Last week I decided to make it “LOVE WEEK” here at KindleObsessed, and failed miserably. My problem was not reading the books (as a matter of fact I read 4 books in total last week) my problem arose when I got this wicked case of writers block on Thursday night. Now, I don’t know if this has ever happened to any of y’all, but let me be very clear about something… IT SUCKS.
Here I was, doing my duty and trying to bring the written word to the masses; when suddenly I found I had nothing to say. So I did what I do best. I blew it off and decided that one missed day on the blog would hurt no one. Wrong again. Friday rolled around and I found myself in the same predicament. 2 books. Not a damn thing to say about either. So here it is Monday, and I’ve decided it’s game time. Time to suck it up, walk it off, and write this damn review. Good or bad I’ve realized that y’all (as book lovers) depend on me, and while I was mopping around the house nursing my ridiculous mental block, I was (at the same time) letting you down. So here it is… book 3 from last weeks pathetic attempt at love week. Enjoy!
When I was a teenager I loved romance novels. I would spend hours on the beach reading Harlequin’s and had an obscene number of Nora Robert’s novels stacked around my room. I absolutely adored the “happily ever after,” the moment where I knew everything would be ok, that life would return to normal, (like at the end of the hour on The Brady Bunch.) Since then however, I have drifted away from conventional (contemporary) romance novels. I would like to tell you my aversion was due solely to literary growth, but then I would be lying. I’m not sure if I ate too many paint chips as a child, or if my inner snob finally took hold of me in my early 20’s but the OLDER I got the HARDER it got for me to stomach romance “covers.” Yes… you read that correctly. I cannot, as much as I try, get past the sometimes hazy looking, almost always cheesy, bare chested, clichés that grace the covers of 70% of today’s romance selections. Thankfully, owning a Kindle has cured me from this little problem. I no longer have to see the cover every time I pick up my book to read it, therefore I don’t have a problem picking it up. Yes… I know I’m completely off my rocker.
Anyways, finding my new found freedom I decided to venture back into the world of the overly-dramatic-but-always-entertaining with a little bit of Susan Wiggs.
Olivia Bellamy was a very unhappy kid. As a matter of fact, she was a very unhappy kid who was forced to spend her summers at Camp Kioga. But while most kids would relish in the freedoms that camp afforded them Lolly was the complete opposite. Known as the “chubby know-it-all” she had no friends, (that is of course unless you count Conner, the tragically beautiful maintenance man’s son who would only speak to her after everyone else had gone to bed.) Olivia is no longer that kid though. Dropping the weight and changing her hair was only the beginning of Lolly’s new and improved life. Not only did she start a successful “staging company” in NYC but she’s also about to become a Mrs. Unfortunately, (once again,) things don’t go exactly as planned and before she knows it Lolly finds herself back at Camp Kioga, only this time she is running the show. What happens when an old flame turns out to be a necessary part of her new journey. Will the secrets that haunt her family’s past wreck her future, and will Olivia ever accept responsibility for her own actions.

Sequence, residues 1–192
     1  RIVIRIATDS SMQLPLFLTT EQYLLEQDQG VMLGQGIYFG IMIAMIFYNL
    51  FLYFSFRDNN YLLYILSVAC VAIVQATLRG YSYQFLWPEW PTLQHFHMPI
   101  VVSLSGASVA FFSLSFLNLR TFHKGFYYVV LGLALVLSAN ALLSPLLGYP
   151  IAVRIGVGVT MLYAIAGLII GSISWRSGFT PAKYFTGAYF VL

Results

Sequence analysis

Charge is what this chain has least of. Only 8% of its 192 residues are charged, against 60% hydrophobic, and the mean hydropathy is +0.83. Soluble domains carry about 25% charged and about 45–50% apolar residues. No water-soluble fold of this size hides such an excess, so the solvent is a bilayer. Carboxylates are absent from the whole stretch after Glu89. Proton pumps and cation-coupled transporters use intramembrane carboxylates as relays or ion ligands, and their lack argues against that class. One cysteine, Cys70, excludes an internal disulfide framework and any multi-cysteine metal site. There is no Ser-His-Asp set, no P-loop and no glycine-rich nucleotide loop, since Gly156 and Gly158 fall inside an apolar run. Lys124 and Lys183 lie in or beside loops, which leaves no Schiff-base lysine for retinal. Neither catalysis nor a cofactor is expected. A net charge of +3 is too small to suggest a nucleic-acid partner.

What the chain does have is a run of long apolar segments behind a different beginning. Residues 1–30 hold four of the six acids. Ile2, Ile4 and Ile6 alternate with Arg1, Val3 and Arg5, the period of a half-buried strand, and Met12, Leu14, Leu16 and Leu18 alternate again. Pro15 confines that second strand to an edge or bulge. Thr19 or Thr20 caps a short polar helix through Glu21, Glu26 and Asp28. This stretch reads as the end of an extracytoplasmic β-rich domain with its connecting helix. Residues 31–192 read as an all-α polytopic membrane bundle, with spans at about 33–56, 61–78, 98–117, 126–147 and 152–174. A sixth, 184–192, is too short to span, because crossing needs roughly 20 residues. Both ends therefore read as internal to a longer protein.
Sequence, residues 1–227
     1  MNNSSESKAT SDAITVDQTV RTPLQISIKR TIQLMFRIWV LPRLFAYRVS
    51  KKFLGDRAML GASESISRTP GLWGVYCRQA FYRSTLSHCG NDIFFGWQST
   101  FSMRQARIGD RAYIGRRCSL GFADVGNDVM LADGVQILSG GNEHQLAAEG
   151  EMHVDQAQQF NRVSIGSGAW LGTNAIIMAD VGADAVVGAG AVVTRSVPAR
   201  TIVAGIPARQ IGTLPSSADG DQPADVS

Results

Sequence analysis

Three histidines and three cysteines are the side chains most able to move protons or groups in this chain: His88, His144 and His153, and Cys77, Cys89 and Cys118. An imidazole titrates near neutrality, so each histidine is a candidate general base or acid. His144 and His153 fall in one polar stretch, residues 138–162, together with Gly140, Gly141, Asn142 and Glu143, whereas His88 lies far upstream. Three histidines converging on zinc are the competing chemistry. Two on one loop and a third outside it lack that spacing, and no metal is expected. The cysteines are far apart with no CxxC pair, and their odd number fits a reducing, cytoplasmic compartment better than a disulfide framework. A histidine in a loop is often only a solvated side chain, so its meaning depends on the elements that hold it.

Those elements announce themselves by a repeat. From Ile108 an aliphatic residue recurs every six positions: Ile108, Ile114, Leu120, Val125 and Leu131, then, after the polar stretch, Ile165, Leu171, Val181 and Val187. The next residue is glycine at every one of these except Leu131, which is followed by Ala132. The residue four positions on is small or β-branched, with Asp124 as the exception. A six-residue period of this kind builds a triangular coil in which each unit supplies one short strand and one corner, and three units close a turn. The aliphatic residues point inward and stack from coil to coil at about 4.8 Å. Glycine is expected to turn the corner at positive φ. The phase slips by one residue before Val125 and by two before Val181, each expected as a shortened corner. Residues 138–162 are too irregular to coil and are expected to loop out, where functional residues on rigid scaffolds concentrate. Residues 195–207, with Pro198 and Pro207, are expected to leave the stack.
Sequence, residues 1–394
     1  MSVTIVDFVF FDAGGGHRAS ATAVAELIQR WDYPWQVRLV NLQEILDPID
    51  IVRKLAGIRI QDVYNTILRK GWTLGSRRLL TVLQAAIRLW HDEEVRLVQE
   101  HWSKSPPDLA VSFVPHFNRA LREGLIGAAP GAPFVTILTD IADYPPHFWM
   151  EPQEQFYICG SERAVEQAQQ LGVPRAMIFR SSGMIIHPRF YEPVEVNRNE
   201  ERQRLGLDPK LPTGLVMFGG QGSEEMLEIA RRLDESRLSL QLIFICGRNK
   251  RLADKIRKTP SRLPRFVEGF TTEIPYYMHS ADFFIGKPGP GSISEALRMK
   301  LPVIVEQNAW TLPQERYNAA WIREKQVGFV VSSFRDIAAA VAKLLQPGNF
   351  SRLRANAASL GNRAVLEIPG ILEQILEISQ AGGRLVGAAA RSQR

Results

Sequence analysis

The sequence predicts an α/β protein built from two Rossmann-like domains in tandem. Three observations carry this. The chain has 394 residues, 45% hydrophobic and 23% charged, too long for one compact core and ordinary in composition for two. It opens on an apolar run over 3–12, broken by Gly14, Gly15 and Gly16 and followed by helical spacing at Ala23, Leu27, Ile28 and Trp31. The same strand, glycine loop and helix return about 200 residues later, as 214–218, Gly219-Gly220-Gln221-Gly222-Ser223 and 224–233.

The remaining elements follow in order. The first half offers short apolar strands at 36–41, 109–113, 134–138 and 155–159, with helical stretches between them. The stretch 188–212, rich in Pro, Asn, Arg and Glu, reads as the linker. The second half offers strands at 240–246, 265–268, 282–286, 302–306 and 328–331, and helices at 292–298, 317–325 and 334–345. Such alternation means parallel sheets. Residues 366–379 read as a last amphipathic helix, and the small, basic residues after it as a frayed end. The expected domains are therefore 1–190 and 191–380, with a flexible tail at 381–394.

Before I dive into the negatives, I want to point out a few of “Summer at Willow Lakes” sparkly moments. For example: Wiggs does a fantastic job of giving her readers “just enough.” We get just enough emotion to feel attached to the characters, just enough drama to keep us guessing, and just enough “huba huba” that it doesn’t distract, but adds to the story. The overall concept of the novel is fantastic, and if not 100% original, it’s at least written well enough to disguise any similarities. The only problem I had with this novel is it predictability. Not the “stories” predictability (although you would have to be a complete moron no to see what was happening) I’m referring to Wiggs need to add a million different “supporting actors” for future use, (which by the way I checked on and yes… there are about 10 more books in this series) I wanted to read a story about Olivia and Conner, and yes, I got that, but I also got character set-ups for at least 6 other books. Just when I would get excited about where the story was going I would flip the page and find myself knee deep in Daisy-the-cute-niece’s story, NOT Lolly’s. As a matter of fact, I got so frustrated in some parts that I found myself skipping 2 or 3 pages at a time to get back to the original plot line. Did this destroy the book? No, of course not, (this is a pretty common occurrence among romance novels) but I will say that I was annoyed enough to drop a star from its rating.
All in all, it was a pretty decent story for someone who wants more than just bed hopping in their books. If that is you, go for it… you might just find a new series to get involved in, however if you are a woman (or man…I’m not going to judge you) that likes a little more sizzle with their steak… this one is probably a little too tame for you.
Happy Reading my fellow Kindle-ites and remember: keep a few books in your car that make you look like a rocket scientist, just in case.
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